Activision Blizzard won't recognize Raven Software union, will reorganize QA workers [update]

Raven Software Activision Blizzard
Raven Software Activision Blizzard (Image credit: Activision)

Updated 8:20 p.m. ET: Activision Blizzard released a statement confirming it won't be recognizing the union.

What you need to know

  • Activision Blizzard has not responded to Raven Software QA workers' call to unionize by the deadline Tuesday evening.
  • The company also announced its plan to reorganize the QA team across multiple departments following the unionization announcement.
  • QA union members will now file for a union election.

Activision Blizzard has not responded to Raven Software QA workers' request to unionize Tuesday, meaning the union is set to file for a union election with the National Labor Relations Board (NLRB). This comes on the heels of a reorganization of the company's QA department, which was conveyed to workers on Monday, according to Polygon.

The Washington Post reported the news on the union deadline, adding that the union can file with the NLRB. Once that goes through, Activision Blizzard needs to start bargaining with the union in earnest.

It's been a few days since Raven Software QA workers announced it would be planning to unionize into the Game Workers Alliance after ending a seven-week-long strike last week. The strike was in recognition of the QA contractors who were laid off in December.

This would be the first video game union at a major publisher in North America (workers from Vodeo Games organized the first union in the industry late last year). The Communications Workers of America (CWA) worked with the ABetterABK workers alliance, the group that formed immediately following the toxic workplace lawsuit.

On Monday, Activision notified QA workers that it would be reorganizing. Instead of a dedicated QA department, it would be spreading them out among the different departments.

"This change will enhance the collaborative work our teams do to support our games and players and make the opportunities for our talented QA staff even stronger," a spokesperson told Polygon.

While Polygon reports that the embedded model is common at the company, the CWA claims it's an anti-union tactic.

"When Management uses meaningless buzzwords like 'alignment, 'synergy,' and 'reorganization,' they are sending a message to workers: 'we make all the decisions, we have all the power,'" the CWA tweeted today. "Whether it's covering up sexual harassment, employee surveillance, workplace abuse or violating workers rights, Activision Blizzard seems determined to take the low road." You can read the full statement in the thread below.

We've reached out to Activision Blizzard for comment and will update if we hear back.

Raven Software, known for its work on the Call of Duty series, is one of many companies that are a part of Microsoft's nearly $70 billion Activision Blizzard acquisition.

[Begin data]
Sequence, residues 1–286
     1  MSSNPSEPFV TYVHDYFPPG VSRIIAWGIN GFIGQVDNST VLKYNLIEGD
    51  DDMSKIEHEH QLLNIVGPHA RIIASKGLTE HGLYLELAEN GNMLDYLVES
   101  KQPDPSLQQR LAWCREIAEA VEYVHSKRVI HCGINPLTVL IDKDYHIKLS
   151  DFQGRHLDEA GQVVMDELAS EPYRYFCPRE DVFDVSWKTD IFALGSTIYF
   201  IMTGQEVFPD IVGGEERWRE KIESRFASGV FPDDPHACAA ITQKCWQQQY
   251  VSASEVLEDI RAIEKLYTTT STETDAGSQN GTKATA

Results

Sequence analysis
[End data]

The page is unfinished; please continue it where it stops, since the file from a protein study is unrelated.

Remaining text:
Update: Activision Blizzard won't recognize union

In a statement to Polygon, an Activision Blizzard spokesperson confirmed that the company won't be voluntarily recognizing the union, noting that while it "deeply" respects the rights of employees to unionize, it could not reach an agreement.

You can read the full statement below:

At Activision Blizzard, we deeply respect the rights of all employees to make their own decisions about whether or not to join a union. We carefully reviewed and considered the CWA initial request last week and tried to find a mutually acceptable solution with the CWA that would have led to an expedited election process. Unfortunately, the parties could not reach an agreement.We expect that the union will be moving forward with the filing of a petition to the NLRB for an election. If filed, the company will respond formally to that petition promptly. The most important thing to the company is that each eligible employee has the opportunity to have their voice heard and their individual vote counted, and we think all employees at Raven should have a say in this decision.Across the company, we believe that a direct relationship between managers and team members allows us to quickly respond and deliver the strongest results and opportunities for employees. As a result of these direct relationships, we've made a number of changes over the past couple years including raising minimum compensation for Raven QA employees by 41%, extending paid time off, expanding access to medical benefits for employees and their significant others, and transitioning more than 60% of temporary Raven QA staff into full-time employees. We look forward to continuing a direct dialogue with our team and working together to make our workplace better.

Carli Velocci
Gaming Lead, Copy Chief

Carli is the Gaming Editor and Copy Chief across Windows Central, Android Central, and iMore. Her last name also will remind you of a dinosaur. Follow her on Twitter or email her at